January 15, 1933
"At the beginning of the second year small servings of tender meat—beef, chicken, lamb, or liver, boiled, broiled, or roasted, and finely minced should be given at least three times a week. By the time the child is eighteen months old he may have meat or fish every day."
Ten Lessons on Meat for use in School
Meat in the diet of the child.
The growing child has a greater "protein requirement" than an adult, because of constantly building new tissue and wearing out old. There are the same good reasons for using meat as the source of protein in the diet of the child as in the diet of the grown-up.
Liver is used with excellent results in child feeding. In the first place, the protein of liver is of high biologic value and it is relatively free from connective tissue; in the second place, it is a good source of vitamins; and in the third place, it is rich in iron. In regard to vitamins, liver is given as an excellent source of vitamins A and G; a good source of vitamin B; and vitamins C and D are present. Bacon, because it is so easily digested, is one of the first meats to be given to the very young child. In planning the diet of the child, it must be borne in mind that the "protein requirement" should be met with protein of high biologic value, and the animal proteins—meat, milk, cheese, and eggs—fall in this class.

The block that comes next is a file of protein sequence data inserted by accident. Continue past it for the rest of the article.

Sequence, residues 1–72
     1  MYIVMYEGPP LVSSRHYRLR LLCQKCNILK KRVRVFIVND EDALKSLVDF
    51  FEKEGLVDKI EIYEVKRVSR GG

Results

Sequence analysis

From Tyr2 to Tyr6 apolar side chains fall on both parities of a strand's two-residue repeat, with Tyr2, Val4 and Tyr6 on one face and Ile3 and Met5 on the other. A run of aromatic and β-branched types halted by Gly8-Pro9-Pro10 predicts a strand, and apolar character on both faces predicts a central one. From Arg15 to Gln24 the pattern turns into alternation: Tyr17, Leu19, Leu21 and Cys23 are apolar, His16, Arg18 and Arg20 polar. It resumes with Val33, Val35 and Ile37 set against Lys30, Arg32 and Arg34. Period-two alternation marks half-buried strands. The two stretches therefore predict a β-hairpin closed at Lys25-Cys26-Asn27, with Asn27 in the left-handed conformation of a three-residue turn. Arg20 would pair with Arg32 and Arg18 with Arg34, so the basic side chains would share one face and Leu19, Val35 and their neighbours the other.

A publication from the Children's Bureau, United States Department of Labor, makes the following statement regarding meat in the diet of the pre-school child:
"Meat and fish supply valuable proteins, minerals, and vitamins. At the beginning of the second year small servings of tender meat—beef, chicken, lamb, or liver, boiled, broiled, or roasted, and finely minced should be given at least three times a week. By the time the child is eighteen months old he may have meat or fish every day. As the child's ability to chew increases, he may be given larger pieces of meat, but it always must be tender. Veal, ham, or pork, properly cooked, may be given to the child over four."3
Meat in reproduction and lactation.
In recent animal experimentation4 it has been found that reproduction and lactation were improved by the addition of a meat supplement to a wheat-milk diet. The rate of growth and the general vigor of the young of the meat fed animals were greater than in the control group. Experiments of this nature are of considerable significance in human nutrition.